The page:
The braking system of most vehicles consists of brake pads, calipers and metal discs called rotors that work to slow down a vehicle. When the vehicle needs to stop, the calipers squeeze the brake pads against the spinning rotors. Because a lot of friction is generated, rotors, like brake pads, need to be replaced periodically. However, drivers may not know when these components need to be changed or if other services can be done to prolong the life of the rotors a little longer.
The first step is to inspect the braking system. A healthy brake rotor will be smooth and have an uninterrupted surface that is free of dust, grooves and grit. If brake pads have caused grooves to form, the pads or the rotors may need to be replaced.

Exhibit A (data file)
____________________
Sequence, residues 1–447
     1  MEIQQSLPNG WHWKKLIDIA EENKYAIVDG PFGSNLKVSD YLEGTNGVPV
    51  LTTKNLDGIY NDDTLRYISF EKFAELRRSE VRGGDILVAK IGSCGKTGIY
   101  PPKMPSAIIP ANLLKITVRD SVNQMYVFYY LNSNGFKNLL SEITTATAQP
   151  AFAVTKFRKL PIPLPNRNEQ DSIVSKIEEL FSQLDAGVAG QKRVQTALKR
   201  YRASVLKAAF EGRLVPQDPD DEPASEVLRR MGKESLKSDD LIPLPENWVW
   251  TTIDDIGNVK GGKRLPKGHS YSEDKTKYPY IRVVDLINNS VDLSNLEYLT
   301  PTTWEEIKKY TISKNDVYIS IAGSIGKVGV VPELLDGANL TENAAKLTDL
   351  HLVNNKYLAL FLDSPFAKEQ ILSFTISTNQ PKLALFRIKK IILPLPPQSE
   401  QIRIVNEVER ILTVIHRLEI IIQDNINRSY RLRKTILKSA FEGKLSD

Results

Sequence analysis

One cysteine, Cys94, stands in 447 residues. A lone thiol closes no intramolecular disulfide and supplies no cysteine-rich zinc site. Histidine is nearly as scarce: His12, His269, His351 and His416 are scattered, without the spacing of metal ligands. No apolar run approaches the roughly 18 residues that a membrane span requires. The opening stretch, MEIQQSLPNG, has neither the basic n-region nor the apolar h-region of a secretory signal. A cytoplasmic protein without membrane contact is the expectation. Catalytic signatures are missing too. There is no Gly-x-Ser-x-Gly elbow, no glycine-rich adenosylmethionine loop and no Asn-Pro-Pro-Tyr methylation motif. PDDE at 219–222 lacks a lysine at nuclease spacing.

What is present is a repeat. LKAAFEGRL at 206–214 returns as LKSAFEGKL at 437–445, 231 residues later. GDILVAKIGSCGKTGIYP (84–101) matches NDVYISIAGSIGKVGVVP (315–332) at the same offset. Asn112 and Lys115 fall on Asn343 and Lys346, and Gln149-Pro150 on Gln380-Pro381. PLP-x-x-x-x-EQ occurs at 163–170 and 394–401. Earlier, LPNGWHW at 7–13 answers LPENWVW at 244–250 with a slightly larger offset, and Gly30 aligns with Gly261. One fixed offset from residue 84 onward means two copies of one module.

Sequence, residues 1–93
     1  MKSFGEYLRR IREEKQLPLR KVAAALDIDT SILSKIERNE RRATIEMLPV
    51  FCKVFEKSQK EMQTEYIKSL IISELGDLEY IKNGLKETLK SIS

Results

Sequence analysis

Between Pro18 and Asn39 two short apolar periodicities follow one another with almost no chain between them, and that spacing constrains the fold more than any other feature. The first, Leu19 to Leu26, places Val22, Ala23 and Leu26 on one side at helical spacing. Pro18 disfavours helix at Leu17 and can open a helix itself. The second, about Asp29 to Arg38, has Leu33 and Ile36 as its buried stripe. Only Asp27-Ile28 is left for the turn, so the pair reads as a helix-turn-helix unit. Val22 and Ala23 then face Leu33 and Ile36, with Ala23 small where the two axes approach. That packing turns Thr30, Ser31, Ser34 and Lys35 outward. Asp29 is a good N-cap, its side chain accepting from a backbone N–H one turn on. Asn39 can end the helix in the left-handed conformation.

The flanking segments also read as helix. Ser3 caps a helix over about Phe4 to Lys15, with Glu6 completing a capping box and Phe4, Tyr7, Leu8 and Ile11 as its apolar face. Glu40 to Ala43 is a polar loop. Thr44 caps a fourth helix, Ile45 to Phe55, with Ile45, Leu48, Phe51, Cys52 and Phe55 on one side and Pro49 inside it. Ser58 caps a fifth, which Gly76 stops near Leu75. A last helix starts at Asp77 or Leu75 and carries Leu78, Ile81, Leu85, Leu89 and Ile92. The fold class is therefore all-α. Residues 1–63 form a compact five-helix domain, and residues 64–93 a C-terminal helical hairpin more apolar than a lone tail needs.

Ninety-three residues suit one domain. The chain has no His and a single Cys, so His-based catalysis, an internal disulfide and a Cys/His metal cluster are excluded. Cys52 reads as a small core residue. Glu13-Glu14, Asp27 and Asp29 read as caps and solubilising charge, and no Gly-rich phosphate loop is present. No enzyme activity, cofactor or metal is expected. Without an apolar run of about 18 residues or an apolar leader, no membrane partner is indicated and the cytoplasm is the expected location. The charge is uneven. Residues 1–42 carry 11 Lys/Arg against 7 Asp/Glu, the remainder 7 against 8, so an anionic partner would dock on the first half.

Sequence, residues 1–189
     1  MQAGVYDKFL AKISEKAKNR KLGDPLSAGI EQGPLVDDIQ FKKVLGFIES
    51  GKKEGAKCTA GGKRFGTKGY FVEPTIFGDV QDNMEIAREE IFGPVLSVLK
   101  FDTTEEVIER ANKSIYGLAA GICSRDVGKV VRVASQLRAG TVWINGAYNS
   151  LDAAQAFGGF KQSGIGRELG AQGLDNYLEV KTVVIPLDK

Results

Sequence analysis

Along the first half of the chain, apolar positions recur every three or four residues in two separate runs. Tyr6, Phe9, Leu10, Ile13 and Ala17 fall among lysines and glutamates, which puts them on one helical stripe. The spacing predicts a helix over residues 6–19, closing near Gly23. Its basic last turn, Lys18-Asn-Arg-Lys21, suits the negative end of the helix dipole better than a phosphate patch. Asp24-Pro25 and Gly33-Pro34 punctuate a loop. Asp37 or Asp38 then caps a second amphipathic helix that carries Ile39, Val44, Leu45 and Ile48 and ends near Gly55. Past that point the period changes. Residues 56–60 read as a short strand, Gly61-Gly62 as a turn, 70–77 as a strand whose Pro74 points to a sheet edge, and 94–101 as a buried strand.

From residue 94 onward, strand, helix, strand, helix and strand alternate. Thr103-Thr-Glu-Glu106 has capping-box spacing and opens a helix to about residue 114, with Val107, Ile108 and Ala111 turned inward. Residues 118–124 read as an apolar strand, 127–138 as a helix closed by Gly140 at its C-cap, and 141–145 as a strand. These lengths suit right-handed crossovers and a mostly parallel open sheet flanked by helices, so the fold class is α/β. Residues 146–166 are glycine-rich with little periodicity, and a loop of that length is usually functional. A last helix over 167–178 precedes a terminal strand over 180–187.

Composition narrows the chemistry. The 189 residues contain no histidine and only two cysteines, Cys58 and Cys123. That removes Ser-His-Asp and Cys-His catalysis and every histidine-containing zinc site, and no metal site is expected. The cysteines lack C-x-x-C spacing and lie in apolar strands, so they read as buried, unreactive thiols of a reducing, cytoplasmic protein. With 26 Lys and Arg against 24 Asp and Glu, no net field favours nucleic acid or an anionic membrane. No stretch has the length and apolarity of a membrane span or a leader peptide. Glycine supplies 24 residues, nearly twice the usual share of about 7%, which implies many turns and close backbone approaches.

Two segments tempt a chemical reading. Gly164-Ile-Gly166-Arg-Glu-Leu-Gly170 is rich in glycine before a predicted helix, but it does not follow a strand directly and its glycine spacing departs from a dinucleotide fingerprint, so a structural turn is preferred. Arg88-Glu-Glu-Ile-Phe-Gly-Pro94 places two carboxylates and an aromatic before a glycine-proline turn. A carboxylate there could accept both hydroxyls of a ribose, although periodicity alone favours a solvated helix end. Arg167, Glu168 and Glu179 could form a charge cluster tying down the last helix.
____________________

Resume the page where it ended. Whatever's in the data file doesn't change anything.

Another tactic is to listen for brake noise when driving. Mechanics state that noise is commonly associated with bad brake rotors. If the rotors produce squealing or squeaking noises or even scraping noises while braking, they may need to be replaced.
Warped rotors also may produce vibrations that can be felt when the brakes are applied. A pulsing or rough feeling can vibrate through the entire chassis.
Speak with a qualified mechanic to see if a lathe can be used to shave off a little of the rotors and get a few more miles out of them. Otherwise, to ensure safe, adequate braking, rotors will need to be replaced anywhere from 30,000 to 70,000 miles depending on the type of brake pads and motorists’ driving style.